Institute of Education


Engaging with classed injustices in education

19 September 2019, 1:30 pm–3:00 pm

UCL academy teacher helping pupil

Professor Louise Archer explores how gender, ethnicity and class combine in working class students' struggle for intelligibility in the classroom.

Event Information

Open to





Jade Hunter


1-19 Torrington Place

Science is often considered an 'elite', high status subject. Working class students, particularly young women and some minority ethnic groups, are starkly under-represented in the subject at post-16 level.

This talk unpicks how the educational field excludes these groups and how celebrated notions of the 'good science student' are gendered, racialised and classed. As a result, it is difficult for working-class students to be recognised - and to recognise themselves - as 'real' scientists.

Professor Archer draws from observation, interview and discussion data collected over an academic year from 59 students in 8 urban secondary school science classrooms in London and Newcastle. She will discuss the implications of the data for 'widening participation' policy and practice.

Seminar series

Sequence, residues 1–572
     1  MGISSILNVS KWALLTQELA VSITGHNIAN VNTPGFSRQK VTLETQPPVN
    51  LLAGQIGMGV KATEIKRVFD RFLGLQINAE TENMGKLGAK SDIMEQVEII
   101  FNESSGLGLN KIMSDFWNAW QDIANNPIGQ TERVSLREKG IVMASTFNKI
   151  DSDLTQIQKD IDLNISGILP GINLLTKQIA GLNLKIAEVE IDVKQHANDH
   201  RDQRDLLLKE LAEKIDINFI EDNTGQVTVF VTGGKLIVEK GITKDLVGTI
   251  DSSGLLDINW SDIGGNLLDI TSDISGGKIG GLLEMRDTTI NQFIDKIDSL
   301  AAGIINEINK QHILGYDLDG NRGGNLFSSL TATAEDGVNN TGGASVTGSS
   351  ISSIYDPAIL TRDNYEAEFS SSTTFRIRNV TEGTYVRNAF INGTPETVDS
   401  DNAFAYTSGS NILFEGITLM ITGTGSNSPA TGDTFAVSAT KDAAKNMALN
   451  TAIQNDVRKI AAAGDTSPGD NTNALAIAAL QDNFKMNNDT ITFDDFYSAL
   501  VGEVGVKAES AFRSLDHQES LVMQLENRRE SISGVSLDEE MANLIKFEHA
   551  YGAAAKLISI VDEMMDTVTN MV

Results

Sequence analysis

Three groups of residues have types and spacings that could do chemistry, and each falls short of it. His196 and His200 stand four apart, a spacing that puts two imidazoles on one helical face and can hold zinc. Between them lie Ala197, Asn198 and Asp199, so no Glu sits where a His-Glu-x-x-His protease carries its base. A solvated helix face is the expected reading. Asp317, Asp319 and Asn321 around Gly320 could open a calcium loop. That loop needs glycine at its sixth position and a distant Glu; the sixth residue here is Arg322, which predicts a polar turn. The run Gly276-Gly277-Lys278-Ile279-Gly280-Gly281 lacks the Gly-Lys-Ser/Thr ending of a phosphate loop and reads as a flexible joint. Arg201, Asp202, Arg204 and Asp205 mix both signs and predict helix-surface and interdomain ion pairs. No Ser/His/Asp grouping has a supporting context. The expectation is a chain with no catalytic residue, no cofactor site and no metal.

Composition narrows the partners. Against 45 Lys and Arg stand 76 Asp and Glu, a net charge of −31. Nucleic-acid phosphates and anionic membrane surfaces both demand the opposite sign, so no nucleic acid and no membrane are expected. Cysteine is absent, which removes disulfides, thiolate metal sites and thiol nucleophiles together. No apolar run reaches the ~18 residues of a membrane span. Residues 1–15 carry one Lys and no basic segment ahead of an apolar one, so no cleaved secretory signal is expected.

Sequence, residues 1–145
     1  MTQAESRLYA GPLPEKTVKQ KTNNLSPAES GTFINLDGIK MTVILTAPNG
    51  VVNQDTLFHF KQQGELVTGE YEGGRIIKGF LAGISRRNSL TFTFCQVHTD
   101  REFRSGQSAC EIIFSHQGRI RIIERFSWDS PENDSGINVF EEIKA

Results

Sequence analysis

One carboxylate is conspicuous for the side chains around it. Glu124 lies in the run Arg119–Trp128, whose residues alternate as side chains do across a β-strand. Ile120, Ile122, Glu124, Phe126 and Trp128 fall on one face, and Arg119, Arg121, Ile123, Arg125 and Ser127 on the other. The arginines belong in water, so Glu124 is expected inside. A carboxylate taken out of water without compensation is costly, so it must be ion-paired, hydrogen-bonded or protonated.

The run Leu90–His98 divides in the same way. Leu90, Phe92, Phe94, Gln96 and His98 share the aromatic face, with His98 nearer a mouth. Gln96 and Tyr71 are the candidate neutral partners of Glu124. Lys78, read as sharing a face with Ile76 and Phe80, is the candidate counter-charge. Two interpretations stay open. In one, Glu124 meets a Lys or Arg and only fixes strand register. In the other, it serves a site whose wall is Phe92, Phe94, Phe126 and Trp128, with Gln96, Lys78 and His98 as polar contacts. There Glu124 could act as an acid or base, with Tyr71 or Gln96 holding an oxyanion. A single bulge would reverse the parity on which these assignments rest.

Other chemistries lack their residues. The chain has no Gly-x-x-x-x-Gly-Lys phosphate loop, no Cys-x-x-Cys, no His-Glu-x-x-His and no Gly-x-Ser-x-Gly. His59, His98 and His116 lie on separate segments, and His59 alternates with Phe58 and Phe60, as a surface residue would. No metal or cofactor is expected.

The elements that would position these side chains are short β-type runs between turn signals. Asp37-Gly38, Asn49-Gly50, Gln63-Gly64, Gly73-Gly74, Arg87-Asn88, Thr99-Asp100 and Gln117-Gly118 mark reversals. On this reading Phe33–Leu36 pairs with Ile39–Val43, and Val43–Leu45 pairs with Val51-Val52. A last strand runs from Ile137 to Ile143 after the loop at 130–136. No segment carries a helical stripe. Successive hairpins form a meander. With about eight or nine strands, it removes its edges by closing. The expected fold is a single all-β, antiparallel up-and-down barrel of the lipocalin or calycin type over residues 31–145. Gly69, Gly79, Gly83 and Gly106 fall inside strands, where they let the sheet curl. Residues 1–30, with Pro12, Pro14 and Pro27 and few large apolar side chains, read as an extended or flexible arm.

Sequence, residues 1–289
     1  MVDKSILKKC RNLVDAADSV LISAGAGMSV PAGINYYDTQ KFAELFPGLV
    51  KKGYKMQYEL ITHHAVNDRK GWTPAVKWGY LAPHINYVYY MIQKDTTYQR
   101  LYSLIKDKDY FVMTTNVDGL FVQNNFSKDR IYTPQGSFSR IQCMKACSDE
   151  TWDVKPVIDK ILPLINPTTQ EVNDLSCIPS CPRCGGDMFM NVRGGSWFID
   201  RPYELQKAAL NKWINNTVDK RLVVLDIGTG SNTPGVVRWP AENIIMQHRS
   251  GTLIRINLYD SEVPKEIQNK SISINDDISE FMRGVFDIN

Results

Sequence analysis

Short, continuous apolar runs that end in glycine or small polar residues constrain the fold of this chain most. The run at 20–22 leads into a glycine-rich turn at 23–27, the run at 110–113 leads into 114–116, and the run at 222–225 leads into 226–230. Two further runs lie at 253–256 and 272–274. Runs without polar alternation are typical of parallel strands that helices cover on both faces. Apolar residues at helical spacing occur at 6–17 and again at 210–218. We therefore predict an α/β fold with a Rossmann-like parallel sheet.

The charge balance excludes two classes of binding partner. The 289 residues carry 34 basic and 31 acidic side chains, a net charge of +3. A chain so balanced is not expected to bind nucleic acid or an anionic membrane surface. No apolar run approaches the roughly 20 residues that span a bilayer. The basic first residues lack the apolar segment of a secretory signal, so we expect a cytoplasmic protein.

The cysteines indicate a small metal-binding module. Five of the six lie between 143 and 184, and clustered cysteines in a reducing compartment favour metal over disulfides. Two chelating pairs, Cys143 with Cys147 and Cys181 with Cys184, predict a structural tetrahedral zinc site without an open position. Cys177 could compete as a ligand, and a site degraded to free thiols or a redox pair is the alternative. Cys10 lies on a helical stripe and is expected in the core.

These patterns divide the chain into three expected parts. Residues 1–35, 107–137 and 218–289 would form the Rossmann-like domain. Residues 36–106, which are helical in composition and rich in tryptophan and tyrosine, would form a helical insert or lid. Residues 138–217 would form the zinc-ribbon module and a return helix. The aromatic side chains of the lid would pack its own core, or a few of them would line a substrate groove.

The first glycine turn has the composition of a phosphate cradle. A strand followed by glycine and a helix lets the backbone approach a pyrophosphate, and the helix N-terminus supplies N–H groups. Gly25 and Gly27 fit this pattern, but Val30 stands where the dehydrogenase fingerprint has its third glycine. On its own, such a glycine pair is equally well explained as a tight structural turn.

This seminar is part of the Social Mobility and Access to Higher Education series, organised by the UCL Access and Widening Participation team. The seminars provide a space for debate and analysis of current issues affecting policy, practice and research in widening access and social mobility. 


Pre-registration is essential to guarantee your place. Please book a free ticket by clicking the 'Book now' button above.


About the Speaker

Professor Louise Archer

Karl Mannheim Professor of Sociology of Education at UCL Institute of Education

Professor Archer's research focuses on educational identities and inequalities. She is the director of a number of large national studies on young people and science participation.

More about Professor Louise Archer